"I have rattled on and on about how China's current account surplus is on track to reach 6, 7 or even 8% of China's GDP. . . But that ain't nothing compared to Saudi Arabia. Its current account surplus is forecast to be close 30% of GDP in 2005 by the IMF (other forecasts put its surplus above 30% of GDP), up from 13% in 2003 (and a deficit in 1998?). The average surplus of a Middle Eastern oil exporter is around 20% of their GDP. . ."

Economic and financial stability

Do nations still accept that "the world needs a strong and effective IMF as the principal multilateral institution responsible for international economic and financial stability"?

This is question one in last month's paper from the Institute for International Economics, referred to below.

The IIE's question is addressed here. Brad Setser suggests the IMF is impotent at present: "IMF efforts to get China to allow its exchange rate to appreciate significantly would have exactly as much impact over Chinese policy as IMF efforts to get the US to reduce its budget deficit. Zero."

Nevertheless, he thinks the IMF must be more aggressive if it is to have global credibility.

But other events are moving the focus. Today's FT reports that Hungary's "central bank. . . has blown the whistle on its own government's attempt to mask the country's deficit. So Hungary's estimated public deficit for this year has now been revised sharply upwards from 3.6 to 6.1 per cent of gross domestic product."

Protect the independence of central banks? Difficult, but it's a way forward for economic stability in the global economy.

Friday, October 07, 2005


Rewriting the rules of the global economy

Perhaps the International Monetary Fund is unfairly criticised.

The government of the United States is criticised this week by the private sector for protectionist policies; which are discouraging FDI.

"President George W. Bush should issue a policy statement—just as presidents Carter and Reagan did—to indicate that FDI is welcome. The United States should continue to negotiate and ratify bilateral investment treaties and investment provisions in trade agreements so as to establish ground rules for fair treatment of investment. . . And while the president should fully utilize his authority to block foreign acquisitions that genuinely threaten US national security interests, America should welcome all other FDI with open arms."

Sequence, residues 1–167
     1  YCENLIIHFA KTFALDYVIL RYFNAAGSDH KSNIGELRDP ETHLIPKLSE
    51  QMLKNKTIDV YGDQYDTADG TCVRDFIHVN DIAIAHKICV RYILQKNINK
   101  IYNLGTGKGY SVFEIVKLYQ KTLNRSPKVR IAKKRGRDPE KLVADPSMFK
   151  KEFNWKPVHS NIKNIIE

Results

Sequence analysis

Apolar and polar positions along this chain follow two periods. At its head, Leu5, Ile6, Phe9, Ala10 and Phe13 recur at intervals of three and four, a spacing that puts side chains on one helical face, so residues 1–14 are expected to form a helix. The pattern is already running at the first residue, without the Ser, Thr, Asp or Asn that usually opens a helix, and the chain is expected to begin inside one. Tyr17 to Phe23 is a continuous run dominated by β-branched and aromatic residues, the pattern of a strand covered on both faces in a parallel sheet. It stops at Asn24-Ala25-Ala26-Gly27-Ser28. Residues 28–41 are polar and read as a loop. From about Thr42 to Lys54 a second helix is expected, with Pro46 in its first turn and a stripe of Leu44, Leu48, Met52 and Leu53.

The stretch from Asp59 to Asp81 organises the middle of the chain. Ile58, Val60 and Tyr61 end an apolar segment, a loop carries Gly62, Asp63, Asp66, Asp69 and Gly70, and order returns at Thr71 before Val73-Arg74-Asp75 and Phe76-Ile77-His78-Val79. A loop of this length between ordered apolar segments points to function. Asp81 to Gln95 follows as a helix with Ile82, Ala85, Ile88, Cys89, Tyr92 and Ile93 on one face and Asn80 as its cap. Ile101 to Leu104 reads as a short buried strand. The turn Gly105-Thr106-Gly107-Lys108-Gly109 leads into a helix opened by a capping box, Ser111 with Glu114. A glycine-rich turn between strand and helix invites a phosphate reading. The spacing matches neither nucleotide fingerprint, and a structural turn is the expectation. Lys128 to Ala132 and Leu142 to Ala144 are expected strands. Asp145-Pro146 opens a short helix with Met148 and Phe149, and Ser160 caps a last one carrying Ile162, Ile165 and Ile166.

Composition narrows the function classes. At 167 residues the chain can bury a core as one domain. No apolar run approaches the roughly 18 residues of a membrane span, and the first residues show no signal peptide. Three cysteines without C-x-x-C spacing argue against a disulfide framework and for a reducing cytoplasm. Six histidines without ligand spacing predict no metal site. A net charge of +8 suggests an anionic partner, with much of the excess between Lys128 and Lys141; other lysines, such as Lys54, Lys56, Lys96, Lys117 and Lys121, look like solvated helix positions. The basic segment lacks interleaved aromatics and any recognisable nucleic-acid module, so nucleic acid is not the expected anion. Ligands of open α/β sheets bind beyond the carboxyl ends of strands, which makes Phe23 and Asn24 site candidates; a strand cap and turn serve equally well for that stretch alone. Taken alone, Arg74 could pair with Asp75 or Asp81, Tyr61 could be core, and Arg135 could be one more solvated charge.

Bilateral treaties in a global economy - this surely creates big problems for the IMF. Anyway, it would help in the short-term for the WTO to list the 'national security' exceptions it allows to restrict free trade.

And then, there's the need for independent financial audit.

Monday, October 03, 2005


Washington Consensus - changes?

The Institute for International Economics arranged a conference in September 2005 to consider how to improve the International Monetary Fund.

As an introduction, the IIE prepared a paper, and the MD of the IMF replied to the issues later.

The IIE suggests that instruments should be devised to increase the IMF’s leverage over the exchange rate policies for all nations, and over the economic policies of major industrial countries. And it was said the preferred IMF steering committee is not the old G-7 but the G-20, slimmed down to include one seat for the European Union.

The MD of the IMF focused on economic growth. Rodrigo de Rato said the world needs to move away from a pattern of growth where investment in most of Asia is too low, and high consumption in the U.S. is financed by rapidly increasing debt, and where growth of domestic demand in Europe and Japan is too weak.

But a key problem is how to persuade powerful nations to accept that the UN's IMF should command their economies, as was effectively agreed 60 years ago when nations signed the UN Charter. Do nations still accept that "the world needs a strong and effective IMF as the principal multilateral institution responsible for international economic and financial stability"?

The US certainly support the IMF, now. Per the FT: Frustrated with the lack of meaningful exchange rate adjustment by China and some other Asian economies, the US Treasury has called on the International Monetary Fund to be more ambitious in its surveillance of exchange rates and warned that the "perception that the IMF is asleep at the wheel on its most fundamental responsibility – exchange rate surveillance – is very unhealthy both for the institution and the international monetary system".